For the past two years, The Urbanist has strived to inform and enlighten our readers with coverage and endorsements of important local races. Beginning in 2015 with coverage of nine open seat on the Seattle City Council, we have expanded our efforts to include the Seattle Mayor and Port of Seattle Commission races.

A foundational commitment throughout this process is transparency. We aim to share information with our readers so they understand and trust our process and so they can make an informed decision for themselves. To that end, we hope to share with our readers the process behind our 2017 primary election endorsements, already underway.

The Elections Board

Comprised of eight volunteer community members, the Elections Board is charged with executing endorsements on behalf of The Urbanist. Throughout the year, the Executive Board appoints a diverse set of urbanist voices representing the political values of the organization. Below is a list of our current members with a brief biographical description:

Scott Bonjukian: Scott is a practicing urban designer and Seattle area native. As Education and Programming Director for The Urbanist he manages the organization’s regular and special events. With degrees in architecture and urban planning, his many interests include local politics, neighborhood planning, multi-modal transportation design, and natural resource protection. Scott cross-posts from his personal blog The Northwest Urbanist and leads the Lid I-5 movement. Follow him @nwurbanist or send him an e-mail.

Kate Brunette: Kate is a PNW native who returned after stints in Washington, DC and Bogotá, Colombia. She previously researched the relationship between bus rapid transit and gentrification and her lifelong dream is to bring Bogotaás famed Ciclovia to Seattle. Kate is passionate about maps, public space and radical community-based development. You can follow her @brunettenbogota or send her an e-mail.

Ben Crowther: Ben is a Seattle area native, living downtown with his husband since 2013. As the Policy and Legislative Affairs Director for The Urbanist since 2015, Ben leads the endorsement process year-round. When he’s not reading news articles, he can be found excitedly pointing out new buses or prime plots for redevelopment to his uninterested friends who really just want to get to dinner. Follow him @BenCrowther or send him an e-mail.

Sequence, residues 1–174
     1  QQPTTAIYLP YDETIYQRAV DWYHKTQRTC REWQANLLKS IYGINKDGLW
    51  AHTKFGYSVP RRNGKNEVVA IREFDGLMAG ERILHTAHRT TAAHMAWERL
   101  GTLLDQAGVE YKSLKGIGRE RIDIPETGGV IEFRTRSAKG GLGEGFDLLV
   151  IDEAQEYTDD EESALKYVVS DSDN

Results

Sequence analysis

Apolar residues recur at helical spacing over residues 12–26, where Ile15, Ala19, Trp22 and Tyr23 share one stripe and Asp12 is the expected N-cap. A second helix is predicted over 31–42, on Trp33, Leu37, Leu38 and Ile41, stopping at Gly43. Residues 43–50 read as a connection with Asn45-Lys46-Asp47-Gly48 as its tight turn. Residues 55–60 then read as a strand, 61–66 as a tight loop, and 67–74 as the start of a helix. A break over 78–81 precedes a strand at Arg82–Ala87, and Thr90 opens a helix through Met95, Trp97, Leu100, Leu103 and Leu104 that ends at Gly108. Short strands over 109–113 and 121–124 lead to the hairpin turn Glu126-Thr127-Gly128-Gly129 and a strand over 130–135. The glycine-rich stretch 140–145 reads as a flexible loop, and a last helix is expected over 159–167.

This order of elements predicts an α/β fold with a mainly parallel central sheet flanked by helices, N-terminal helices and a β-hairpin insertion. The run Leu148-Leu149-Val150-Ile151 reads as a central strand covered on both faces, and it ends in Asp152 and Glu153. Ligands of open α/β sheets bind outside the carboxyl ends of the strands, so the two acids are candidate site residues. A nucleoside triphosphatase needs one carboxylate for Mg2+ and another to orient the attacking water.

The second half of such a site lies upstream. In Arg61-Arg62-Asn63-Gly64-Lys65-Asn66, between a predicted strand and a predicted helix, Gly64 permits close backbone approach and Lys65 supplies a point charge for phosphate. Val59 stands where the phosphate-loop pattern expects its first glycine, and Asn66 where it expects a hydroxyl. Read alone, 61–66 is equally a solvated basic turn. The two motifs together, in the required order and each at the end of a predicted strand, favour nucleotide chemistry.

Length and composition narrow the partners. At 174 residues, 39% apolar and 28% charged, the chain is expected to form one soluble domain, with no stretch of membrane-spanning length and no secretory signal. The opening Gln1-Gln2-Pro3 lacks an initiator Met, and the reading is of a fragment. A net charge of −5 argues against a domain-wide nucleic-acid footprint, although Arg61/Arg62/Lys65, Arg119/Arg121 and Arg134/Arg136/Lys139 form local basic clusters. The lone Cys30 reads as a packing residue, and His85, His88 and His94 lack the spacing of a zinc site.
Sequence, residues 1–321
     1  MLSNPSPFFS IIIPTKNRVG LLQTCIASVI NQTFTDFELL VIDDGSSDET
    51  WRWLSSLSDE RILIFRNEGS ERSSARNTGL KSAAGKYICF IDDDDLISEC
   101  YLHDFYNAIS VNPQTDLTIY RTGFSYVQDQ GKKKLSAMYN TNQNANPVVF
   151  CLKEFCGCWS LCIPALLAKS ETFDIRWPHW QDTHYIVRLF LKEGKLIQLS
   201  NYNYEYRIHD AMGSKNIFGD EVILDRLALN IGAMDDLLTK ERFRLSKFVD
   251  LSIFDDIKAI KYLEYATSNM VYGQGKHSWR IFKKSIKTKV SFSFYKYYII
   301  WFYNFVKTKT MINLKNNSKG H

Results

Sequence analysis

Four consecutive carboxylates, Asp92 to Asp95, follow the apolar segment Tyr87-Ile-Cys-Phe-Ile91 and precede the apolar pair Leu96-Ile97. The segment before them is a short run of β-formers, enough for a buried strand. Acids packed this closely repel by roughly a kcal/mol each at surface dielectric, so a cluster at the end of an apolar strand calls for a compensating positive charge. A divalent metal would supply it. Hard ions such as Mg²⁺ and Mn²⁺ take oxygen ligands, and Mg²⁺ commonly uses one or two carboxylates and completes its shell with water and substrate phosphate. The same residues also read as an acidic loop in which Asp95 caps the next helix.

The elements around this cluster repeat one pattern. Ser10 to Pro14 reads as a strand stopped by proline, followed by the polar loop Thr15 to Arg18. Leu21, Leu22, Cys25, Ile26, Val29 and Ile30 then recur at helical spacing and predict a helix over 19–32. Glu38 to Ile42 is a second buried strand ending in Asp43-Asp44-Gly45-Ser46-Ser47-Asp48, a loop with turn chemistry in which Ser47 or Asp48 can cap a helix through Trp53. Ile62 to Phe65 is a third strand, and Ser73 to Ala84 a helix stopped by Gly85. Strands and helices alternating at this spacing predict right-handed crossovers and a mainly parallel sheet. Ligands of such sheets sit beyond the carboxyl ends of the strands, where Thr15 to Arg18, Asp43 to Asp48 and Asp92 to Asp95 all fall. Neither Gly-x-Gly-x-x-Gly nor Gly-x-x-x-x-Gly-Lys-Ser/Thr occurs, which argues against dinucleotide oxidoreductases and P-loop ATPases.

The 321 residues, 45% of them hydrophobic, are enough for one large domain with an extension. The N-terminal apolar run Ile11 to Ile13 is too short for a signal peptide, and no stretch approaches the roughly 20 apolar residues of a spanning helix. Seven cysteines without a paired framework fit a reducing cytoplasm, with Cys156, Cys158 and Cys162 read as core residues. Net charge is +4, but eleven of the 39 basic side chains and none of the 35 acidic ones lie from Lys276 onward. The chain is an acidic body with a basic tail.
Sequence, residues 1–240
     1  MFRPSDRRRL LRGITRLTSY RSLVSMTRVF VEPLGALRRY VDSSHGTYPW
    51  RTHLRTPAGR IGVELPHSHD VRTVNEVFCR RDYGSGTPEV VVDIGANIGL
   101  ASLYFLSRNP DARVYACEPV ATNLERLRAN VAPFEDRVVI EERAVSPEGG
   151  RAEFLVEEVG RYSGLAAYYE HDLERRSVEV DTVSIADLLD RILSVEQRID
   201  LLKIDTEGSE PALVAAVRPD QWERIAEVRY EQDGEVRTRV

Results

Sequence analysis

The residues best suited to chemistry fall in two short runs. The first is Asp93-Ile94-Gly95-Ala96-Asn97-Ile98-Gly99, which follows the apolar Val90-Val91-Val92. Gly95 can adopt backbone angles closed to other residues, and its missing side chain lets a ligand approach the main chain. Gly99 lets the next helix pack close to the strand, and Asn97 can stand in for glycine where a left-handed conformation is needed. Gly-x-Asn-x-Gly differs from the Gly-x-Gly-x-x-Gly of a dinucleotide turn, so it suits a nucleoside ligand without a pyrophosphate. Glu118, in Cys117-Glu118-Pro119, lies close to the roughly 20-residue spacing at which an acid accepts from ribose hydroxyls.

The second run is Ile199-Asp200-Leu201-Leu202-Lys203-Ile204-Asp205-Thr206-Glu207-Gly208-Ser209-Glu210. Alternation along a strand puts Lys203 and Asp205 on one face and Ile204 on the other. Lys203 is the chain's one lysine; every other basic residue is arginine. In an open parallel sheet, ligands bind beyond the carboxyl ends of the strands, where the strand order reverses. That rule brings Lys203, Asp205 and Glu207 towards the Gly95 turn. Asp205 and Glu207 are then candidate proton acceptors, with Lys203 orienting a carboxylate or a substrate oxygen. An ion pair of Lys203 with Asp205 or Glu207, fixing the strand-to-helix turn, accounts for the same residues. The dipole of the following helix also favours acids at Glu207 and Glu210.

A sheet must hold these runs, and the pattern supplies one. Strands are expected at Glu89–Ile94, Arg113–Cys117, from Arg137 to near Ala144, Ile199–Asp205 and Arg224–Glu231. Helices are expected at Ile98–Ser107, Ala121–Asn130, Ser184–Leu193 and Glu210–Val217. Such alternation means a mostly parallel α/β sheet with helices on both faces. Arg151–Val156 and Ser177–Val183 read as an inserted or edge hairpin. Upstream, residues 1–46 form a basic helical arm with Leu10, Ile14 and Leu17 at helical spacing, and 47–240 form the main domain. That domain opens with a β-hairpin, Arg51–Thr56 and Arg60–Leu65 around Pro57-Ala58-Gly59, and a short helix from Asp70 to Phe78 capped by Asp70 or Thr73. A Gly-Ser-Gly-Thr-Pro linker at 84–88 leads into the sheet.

Aleksandra Culver: Aleksandra (Aleks) is a software engineer who moonlights as a writer and copy editor. Aleks’s love of cities started as a child, when she would ride the commuter rail into Boston with her family for day trips. Her mission is to share that love with the world, by ensuring that our cities have a place for everyone. Aleks primarily writes about transportation and land use. She is also the webmaster. Follow her @schala09.

Alex Hudson: Alex hails from rural east King County but traded being a country mouse for the bright lights of the big city the first chance she got. Alex has lived in First Hill since 2009, and is active in issues of neighborhood planning, equitable development, and creative placemaking. A passionate flaneuse, Alex is usually out exploring the hidden corners of Seattle on foot, always on the lookout for a great new view, beautiful tree in bloom, or a glimpse into the lives of urban wildlife. If you’re into that sort of thing, follow her on Instagram at @blacksandpaper.

Ryan Packer: Ryan has been a Senior Editor at the Urbanist since 2016. His beats are Vision Zero, bike and pedestrian infrastructure, bikeshare, and public space. He lives in a 1907 apartment in the Summit Slope neighborhood of Capitol Hill, and is currently serving as the co-chair of South Lake Union Greenways. He’s on Twitter at @typewriteralley. Ideas for stories always welcome at ryan@theurbanist.org.